Authors: Charlie Roadman, Jamie Roadman, Kevin Higginbotham, Erik Sanden
Product Code: 078922
ISBN: 750532-078922
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It is not without due cause that historians and scholars have attempted to understand and retell Thucydides’s story of the Peloponnesian War, without pause, since it was first written. Athens v. Sparta now joins that tradition, infusing the classic narrative of the Peloponnesian War with a take that is vibrant, modern, and above all, musical. Led by a veteran of the San Antonio and Austin indie music scene, Charlie Roadman, Athens v. Sparta was inspired by Thucydides and his successor Xenophon (who took up the history upon Thucydides’s death) to create a new version, capturing the gravity of the ancient narrative within the approachable framework of well-crafted latter-day musical sensibilities. The result is a vivid, fascinating, occasionally humorous, and often surprising fusion, which achieves its aim well: to present the fullness of the war, its circumstances and consequences, to ears not yet attuned to the niceties and nuances of ancient history. The CD educates and entertains. It is ideal for garnering the interest of students new to Greece and the classical world.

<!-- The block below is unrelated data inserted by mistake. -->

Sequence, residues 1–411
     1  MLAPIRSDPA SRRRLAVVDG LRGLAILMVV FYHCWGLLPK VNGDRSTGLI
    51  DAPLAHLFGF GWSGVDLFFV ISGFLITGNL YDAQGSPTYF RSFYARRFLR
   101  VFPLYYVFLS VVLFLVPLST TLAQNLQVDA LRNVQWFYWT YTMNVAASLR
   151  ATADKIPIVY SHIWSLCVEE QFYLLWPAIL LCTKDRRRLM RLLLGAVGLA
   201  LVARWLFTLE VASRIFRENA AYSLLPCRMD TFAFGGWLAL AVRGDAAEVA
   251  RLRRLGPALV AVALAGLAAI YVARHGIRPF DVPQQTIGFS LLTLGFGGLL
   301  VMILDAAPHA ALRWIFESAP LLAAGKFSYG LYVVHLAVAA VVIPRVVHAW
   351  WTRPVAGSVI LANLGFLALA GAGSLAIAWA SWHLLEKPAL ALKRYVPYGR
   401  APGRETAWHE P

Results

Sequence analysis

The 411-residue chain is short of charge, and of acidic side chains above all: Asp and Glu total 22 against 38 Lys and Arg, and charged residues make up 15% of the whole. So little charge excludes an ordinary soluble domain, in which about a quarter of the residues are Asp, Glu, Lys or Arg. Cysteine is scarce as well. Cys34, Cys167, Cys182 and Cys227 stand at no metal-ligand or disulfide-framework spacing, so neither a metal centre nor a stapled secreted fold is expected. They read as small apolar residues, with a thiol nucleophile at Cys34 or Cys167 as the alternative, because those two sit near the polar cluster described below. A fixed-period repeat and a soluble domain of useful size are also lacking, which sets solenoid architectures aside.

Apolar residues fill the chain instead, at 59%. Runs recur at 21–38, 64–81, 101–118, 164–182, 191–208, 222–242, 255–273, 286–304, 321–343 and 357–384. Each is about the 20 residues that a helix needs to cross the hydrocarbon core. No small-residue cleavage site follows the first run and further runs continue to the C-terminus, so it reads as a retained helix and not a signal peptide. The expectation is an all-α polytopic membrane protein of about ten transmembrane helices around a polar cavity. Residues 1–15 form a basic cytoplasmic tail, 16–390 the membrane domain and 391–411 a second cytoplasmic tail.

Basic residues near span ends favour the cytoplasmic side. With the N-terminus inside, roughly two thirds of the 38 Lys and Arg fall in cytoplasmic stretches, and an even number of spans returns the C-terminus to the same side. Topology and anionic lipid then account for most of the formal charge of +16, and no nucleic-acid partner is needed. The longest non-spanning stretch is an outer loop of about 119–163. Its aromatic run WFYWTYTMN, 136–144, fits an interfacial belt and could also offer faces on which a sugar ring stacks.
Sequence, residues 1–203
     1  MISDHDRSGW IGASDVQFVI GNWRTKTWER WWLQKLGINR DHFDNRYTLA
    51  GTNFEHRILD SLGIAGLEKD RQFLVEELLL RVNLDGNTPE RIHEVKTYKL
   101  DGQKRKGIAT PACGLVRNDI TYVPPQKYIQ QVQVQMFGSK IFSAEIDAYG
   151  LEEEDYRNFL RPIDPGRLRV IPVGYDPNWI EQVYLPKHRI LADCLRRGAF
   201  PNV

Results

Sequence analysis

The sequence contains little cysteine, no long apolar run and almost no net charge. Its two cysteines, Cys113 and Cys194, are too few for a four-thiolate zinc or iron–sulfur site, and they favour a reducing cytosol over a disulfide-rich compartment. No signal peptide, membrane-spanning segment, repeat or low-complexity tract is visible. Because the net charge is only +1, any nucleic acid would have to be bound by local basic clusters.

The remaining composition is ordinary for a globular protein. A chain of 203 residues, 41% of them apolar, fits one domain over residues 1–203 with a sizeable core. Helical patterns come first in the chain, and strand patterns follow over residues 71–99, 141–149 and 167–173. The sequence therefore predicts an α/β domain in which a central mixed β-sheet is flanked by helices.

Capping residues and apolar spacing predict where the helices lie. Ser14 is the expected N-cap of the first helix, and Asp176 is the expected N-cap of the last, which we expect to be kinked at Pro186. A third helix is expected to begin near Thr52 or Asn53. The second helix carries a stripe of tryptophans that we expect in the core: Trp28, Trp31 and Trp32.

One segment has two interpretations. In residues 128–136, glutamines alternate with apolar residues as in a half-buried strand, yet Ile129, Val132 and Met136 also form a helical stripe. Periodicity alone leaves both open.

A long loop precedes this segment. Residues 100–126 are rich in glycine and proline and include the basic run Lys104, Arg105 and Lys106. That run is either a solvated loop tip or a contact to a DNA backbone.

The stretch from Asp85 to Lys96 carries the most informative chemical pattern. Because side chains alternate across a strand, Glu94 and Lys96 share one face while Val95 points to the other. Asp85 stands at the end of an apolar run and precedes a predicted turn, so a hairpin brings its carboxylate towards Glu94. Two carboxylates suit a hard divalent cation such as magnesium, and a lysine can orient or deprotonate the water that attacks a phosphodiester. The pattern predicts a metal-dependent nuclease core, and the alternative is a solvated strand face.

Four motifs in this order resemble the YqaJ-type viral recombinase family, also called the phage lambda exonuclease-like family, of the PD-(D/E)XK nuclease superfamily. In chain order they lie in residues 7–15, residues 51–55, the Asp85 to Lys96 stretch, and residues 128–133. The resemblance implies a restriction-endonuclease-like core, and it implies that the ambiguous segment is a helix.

Using the celebrated edition of Thucydides by Robert B. Strassler, the principal and most dramatic events of the war are divided into fifteen tracks, chronologically ordered, covering the full extent of the conflict. Each track develops the story in two ways. First come the words of Thucydides and Xenophon themselves, poignantly narrated alongside musical backing by renowned Austin actor and director, Ken Webster. Second, cutting through the narrative, is Charlie Roadman’s own interpretation of the events, put to lyrics, and often telling the stories of those who do not find a voice in Thucydides’s text: onlookers, combatants, hapless victims of the battles. Like the primary sources, the musical version of the Peloponnesian War covers not only those moments of confrontation between the two sides, but also reflects the rich detail of the period: life in Athens, relationships between allies, the open sea, diplomatic encounters, and the historical reputation of the principal characters in Thucydides's work, from Pericles to Alcibiades. All in all, each song, with great pathos, relates the essence of this deep and drawn-out conflict and the ancient texts that told it, attracting newcomers, history enthusiasts, and music fans alike.


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Review by: Steven Saylor, Author of Roma Sub Rosa series - February 26, 2010
"An indie rock release from Austin, Texas, relating the history of the Peloponnesian War? You'll believe it when you hear it. Athens v. Sparta-about the conflict the historian Thuycidides called "a great war, more worthy of recounting than any that preceded it"-features songs like "The Oligarchic Coup" and "The Sicilian Disaster." The combination of grim narration, ethereal music and trenchant lyrics is spellbinding." - Steven Saylor, Author of Roma Sub Rosa series